KUALA LUMPUR (Jan 9): Umno Supreme Council member Datuk Lokman Nor Adam's (pictured) comments about Datuk Amhari Efendi Nazaruddin were not only tantamount to threatening the witness of an ongoing trial and other potential witnesses, but also an act of undermining the administration of justice, former federal court judge Datuk Seri Gopal Sri Ram told the High Court here today.

Sri Ram, who wants to have Lokman's application to set aside the court's leave for contempt proceedings be commenced against him dismissed, said it was wrong for a person to make comments regarding court proceedings.

"He made a comment that all of Najib's trial should be stopped and the ongoing case (trials) is rubbish. This amounted to an interference in the administration of justice," he pointed out.

"Being a loud mouth is one thing, but you must act within the confines of the law," Sri Ram said.

He further said the attorney-general and the prosecution are entitled to make the application to initiate contempt proceedings against Lokman as they were acting in defence of the court.

"It is absurd that the court would be required to issue the notice (to cite someone for contempt) and [to] issue a notice again after leave has been gained. The prosecution's issuance of a notice should be akin to a letter of demand or a notice before action is taken," he said.

"Here, the contemptor (Lokman) is said to have committed contempt in the face of the court and hence, the notice has to be issued (by the prosecution)," he said.

The prosecution wanted the Umno member be cited for contempt for lodging a police report against Amhari, who at that time was testifying in former prime minister Datuk Seri Najib Razak's 1Malaysia Development Bhd (1MDB) trial. Lokman accused the witness of receiving money from fugitive businessman Low Taek Jho, and had called for an investigation on the witness. He also uploaded a video repeating his allegations in the report.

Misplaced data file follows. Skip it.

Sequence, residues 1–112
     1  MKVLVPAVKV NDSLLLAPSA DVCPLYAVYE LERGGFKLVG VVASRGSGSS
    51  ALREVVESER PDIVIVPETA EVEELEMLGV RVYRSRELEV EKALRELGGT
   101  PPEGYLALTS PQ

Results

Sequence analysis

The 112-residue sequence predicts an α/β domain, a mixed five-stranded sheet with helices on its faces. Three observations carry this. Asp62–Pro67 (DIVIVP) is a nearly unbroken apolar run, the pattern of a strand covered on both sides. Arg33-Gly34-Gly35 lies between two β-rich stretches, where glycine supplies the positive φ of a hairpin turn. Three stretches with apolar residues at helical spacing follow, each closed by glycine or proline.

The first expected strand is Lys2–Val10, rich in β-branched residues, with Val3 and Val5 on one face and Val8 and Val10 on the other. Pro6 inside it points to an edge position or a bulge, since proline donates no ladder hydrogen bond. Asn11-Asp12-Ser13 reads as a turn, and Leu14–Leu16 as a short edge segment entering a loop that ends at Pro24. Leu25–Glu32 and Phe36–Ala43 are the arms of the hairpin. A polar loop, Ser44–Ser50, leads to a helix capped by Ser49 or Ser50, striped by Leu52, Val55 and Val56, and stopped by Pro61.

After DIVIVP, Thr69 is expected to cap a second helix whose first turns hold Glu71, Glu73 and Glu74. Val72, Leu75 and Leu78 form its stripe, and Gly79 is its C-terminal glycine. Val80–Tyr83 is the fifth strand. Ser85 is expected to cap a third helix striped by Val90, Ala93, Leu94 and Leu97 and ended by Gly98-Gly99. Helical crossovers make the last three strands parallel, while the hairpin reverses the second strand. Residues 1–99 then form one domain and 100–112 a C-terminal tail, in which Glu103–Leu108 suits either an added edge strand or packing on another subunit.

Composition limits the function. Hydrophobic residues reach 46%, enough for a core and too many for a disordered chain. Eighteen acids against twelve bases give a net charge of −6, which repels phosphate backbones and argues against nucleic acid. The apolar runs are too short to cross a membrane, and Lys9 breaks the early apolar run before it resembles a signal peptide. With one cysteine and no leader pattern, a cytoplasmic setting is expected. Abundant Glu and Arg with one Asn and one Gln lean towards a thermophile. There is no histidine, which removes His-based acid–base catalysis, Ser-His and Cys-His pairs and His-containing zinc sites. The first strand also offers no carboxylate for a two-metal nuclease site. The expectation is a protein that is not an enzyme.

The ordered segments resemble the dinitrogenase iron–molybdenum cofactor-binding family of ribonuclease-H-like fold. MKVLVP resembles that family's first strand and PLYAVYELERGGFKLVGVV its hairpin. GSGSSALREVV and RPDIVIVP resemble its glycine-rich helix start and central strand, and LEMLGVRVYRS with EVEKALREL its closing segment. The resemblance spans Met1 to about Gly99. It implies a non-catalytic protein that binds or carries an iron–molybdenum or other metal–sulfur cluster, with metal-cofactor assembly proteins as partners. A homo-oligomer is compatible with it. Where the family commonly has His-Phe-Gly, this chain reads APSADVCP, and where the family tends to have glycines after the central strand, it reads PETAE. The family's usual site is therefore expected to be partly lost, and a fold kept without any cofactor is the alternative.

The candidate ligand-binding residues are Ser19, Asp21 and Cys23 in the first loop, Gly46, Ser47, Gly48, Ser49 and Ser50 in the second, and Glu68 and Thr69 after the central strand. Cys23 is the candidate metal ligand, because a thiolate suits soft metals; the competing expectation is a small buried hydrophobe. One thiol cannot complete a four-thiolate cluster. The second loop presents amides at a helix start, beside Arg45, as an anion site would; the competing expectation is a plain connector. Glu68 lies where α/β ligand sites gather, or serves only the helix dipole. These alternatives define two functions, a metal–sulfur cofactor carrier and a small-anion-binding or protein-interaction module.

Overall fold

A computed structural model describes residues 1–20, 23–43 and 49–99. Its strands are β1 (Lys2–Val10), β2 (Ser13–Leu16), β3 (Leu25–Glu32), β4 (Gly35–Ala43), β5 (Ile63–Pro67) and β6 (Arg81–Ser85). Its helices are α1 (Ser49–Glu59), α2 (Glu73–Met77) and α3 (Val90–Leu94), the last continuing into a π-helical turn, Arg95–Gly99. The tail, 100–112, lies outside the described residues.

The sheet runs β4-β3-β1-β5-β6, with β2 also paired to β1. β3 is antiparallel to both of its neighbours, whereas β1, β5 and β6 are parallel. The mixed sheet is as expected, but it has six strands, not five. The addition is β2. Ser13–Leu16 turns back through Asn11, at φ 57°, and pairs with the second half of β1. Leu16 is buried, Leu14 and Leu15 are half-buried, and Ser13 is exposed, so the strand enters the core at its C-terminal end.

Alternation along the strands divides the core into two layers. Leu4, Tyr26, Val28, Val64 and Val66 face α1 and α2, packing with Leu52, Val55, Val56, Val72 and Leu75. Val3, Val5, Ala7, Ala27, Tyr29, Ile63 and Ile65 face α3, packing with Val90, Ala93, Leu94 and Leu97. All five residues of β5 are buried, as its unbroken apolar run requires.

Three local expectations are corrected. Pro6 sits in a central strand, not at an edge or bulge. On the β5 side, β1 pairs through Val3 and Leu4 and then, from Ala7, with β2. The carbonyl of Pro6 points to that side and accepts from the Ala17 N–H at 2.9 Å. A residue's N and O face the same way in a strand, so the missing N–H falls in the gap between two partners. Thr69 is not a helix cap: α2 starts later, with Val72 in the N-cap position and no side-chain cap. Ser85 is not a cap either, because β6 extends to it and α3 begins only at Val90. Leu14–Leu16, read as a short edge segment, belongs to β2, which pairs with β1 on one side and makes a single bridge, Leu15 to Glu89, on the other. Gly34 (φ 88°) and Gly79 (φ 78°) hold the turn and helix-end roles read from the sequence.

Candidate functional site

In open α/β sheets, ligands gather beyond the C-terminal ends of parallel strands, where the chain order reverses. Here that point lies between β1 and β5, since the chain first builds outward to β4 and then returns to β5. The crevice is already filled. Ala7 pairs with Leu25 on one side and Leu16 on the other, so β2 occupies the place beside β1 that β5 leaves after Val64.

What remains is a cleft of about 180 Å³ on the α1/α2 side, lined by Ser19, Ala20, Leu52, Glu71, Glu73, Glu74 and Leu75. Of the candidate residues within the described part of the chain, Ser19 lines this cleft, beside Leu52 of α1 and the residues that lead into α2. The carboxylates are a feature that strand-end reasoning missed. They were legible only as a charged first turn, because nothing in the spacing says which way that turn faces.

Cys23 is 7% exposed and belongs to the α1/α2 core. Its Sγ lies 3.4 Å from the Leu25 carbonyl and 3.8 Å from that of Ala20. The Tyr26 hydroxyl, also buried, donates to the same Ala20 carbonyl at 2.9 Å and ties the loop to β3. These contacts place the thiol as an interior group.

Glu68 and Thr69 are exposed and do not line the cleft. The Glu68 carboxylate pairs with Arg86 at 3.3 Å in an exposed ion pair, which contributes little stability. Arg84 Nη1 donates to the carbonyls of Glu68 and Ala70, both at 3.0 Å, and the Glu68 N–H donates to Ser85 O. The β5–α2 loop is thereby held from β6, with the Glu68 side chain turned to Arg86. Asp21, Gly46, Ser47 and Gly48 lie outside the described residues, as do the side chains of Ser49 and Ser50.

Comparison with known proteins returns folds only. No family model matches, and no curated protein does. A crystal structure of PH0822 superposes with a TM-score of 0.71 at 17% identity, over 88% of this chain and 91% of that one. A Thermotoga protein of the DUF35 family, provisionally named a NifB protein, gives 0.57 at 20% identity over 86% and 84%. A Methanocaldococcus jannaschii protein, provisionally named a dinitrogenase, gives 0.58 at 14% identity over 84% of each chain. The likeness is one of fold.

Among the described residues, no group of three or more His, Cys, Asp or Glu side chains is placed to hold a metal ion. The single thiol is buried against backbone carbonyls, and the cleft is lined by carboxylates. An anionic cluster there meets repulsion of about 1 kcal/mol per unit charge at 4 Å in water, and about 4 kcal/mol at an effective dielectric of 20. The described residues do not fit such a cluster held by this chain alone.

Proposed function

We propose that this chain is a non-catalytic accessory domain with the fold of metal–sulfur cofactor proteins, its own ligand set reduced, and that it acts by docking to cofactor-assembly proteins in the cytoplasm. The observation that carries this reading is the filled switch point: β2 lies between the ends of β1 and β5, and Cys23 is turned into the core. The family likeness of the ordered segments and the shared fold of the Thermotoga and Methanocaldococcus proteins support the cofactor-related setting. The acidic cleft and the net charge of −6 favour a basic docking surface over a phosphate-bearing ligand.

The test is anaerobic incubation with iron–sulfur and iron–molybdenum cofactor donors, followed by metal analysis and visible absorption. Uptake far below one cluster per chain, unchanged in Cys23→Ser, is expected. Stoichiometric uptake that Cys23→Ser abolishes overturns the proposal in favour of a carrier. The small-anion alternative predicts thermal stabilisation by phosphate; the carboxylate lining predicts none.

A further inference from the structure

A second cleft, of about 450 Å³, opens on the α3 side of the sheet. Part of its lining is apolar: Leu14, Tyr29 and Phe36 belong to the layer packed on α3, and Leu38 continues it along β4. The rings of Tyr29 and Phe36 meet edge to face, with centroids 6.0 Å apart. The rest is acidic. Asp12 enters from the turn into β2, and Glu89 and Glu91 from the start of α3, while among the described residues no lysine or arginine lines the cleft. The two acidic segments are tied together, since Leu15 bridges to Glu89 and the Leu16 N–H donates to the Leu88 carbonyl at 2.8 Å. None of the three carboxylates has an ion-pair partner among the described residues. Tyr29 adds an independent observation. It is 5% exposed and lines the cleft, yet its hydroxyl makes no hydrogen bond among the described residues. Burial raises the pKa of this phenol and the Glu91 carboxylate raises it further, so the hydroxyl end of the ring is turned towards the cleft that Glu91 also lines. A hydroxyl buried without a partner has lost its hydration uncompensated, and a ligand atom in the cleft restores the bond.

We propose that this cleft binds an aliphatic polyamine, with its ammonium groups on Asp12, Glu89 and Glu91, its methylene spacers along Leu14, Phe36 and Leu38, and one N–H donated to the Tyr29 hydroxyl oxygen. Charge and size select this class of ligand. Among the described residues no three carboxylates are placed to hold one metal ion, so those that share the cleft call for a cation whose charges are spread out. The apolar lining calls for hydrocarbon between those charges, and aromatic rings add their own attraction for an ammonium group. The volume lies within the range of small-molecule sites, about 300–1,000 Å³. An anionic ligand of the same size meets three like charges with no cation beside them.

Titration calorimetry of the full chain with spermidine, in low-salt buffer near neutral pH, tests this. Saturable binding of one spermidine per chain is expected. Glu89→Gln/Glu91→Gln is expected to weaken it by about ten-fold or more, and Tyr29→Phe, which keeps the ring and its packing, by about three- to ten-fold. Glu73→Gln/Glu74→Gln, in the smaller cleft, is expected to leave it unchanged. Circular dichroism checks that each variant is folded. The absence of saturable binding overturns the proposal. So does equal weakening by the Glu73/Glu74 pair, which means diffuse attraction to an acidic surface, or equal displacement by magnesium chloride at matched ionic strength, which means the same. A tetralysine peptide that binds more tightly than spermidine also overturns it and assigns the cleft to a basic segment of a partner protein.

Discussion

Lokman's lawyer Tan Sri Muhammad Shafee Abdullah, meanwhile, argued that the court should have been the one to issue the notice to cite Lokman for contempt, and not the prosecution. Citing Order 52, Rule 2A and 2B of the Rules of Court 2012, the lawyer said that should be the proper way to initiate such proceedings.

"Hence, the notice given by the prosecution should be considered defective as it is not the court who initiate this, and our application to set aside the ex-parte to cite our client for contempt should be allowed," he said.

Shafee also said the prosecution had failed to specify what in particular they found contemptuous in Lokman's police report and video.

Amhari was the eighth prosecution witness in the 1MDB trial. Lokman lodged the police report challenging Amhari's credibility as a witness following the latter's admission on the witness stand that he had received a US$200,000 loan from Low.

Justice Collin Lawrence Sequerah has set Jan 14 (next Tuesday) to deliver his decision.

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